Panic attacks can range from low impact to severe and prohibitive and can be scary while they’re happening. Here’s our top 5 tips for managing a panic attack as it happens.
There is an increasing body of evidence on how to tackle fears and phobias quickly. EMDR focuses on the perceived threat image and by taxing working memory, the emotional effect is removed. Fears and phobias can be learned by observing someone’s behaviour i.e. a mother is always expressing fear when seeing spiders, so the child then learns that spiders are dangerous.
Phobias can also develop as a consequence of a bad experience i.e. having lived through a car accident and subsequently developing a fear of driving. Whilst a CBT approach tackles fears by carrying out behavioural experiments, encouraging the client to face their fear until the threat dissipates, in EMDR, the client is asked to think about the worst image they are fearful of, allowing the emotion to dissipate very fast.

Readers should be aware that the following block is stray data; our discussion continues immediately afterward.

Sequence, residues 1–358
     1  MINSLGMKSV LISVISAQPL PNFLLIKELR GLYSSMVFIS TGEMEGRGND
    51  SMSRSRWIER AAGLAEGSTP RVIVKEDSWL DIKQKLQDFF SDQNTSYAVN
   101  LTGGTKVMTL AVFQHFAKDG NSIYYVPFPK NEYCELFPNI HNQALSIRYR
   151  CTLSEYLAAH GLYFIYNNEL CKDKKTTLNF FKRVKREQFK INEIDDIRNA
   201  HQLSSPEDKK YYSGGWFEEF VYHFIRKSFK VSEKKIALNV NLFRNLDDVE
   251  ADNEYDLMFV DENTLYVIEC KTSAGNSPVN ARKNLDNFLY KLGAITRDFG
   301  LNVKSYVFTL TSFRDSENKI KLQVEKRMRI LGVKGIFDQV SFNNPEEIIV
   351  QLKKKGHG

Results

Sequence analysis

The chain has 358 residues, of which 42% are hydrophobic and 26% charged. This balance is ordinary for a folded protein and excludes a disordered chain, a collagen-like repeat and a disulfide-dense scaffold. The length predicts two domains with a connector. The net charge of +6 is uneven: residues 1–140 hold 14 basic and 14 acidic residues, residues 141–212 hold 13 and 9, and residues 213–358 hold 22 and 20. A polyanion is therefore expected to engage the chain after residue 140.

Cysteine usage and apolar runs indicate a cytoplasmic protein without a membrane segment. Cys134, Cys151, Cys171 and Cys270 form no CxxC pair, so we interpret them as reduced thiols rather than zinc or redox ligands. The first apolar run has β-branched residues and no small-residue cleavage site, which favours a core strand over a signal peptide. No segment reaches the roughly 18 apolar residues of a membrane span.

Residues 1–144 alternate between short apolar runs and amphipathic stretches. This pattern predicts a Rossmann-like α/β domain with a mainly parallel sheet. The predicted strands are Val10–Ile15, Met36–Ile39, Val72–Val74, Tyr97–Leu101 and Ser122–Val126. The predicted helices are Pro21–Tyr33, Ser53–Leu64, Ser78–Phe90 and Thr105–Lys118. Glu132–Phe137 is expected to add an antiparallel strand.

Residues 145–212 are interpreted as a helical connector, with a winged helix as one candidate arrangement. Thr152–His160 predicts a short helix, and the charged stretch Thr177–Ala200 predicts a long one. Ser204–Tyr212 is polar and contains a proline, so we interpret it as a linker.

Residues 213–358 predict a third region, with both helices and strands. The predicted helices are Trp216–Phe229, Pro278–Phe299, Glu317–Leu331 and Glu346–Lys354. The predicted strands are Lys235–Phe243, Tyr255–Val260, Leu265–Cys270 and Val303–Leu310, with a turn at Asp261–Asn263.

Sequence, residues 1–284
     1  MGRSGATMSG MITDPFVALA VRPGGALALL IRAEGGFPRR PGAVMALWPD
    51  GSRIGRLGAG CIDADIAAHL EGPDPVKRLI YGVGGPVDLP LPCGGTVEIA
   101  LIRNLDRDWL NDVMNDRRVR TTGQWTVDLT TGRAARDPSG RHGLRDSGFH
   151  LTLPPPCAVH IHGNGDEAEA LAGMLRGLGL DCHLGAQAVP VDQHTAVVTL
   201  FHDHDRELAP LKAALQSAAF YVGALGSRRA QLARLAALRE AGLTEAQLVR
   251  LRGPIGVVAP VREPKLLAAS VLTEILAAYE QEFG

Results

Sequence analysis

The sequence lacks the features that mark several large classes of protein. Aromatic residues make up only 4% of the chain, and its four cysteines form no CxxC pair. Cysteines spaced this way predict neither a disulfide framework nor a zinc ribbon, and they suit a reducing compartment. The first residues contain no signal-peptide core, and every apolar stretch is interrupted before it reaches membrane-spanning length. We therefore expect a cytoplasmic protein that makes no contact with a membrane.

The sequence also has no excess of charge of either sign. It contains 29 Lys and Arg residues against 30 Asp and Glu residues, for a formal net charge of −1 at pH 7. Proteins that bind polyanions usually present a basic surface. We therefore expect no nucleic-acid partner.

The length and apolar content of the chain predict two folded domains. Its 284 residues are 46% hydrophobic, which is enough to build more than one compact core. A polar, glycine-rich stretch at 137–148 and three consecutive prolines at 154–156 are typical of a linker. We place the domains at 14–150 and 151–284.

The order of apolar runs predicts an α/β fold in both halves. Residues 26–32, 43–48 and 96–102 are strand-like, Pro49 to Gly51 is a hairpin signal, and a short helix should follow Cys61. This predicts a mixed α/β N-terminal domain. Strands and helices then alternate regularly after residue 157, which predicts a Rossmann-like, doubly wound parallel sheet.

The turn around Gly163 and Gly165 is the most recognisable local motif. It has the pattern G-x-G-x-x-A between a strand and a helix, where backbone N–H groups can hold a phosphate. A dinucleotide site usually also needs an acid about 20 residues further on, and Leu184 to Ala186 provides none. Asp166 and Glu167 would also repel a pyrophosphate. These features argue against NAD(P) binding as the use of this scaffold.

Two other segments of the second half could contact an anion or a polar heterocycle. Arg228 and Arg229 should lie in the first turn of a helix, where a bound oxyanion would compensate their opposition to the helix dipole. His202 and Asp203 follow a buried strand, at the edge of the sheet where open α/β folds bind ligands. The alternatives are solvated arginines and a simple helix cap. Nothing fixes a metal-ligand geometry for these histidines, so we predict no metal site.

It is not unusual to get freed from the phobia within one session. Fears can have a wider background, such as feeling fearful of giving presentations.
There can be many reasons that have caused this fear. In this case, one session is not enough but background information is also important to explore, and fears or other beliefs need to be tackled as well before the fear is removed.
In EMDR therapy there are also ‘homework’ tasks given, which are usually to monitor changes or to try and test out new responses. For example, getting over fear of flying using imagery in session and then going to fly shortly after.
Our approach is a combination of CBT and EMDR, using both techniques together where necessary.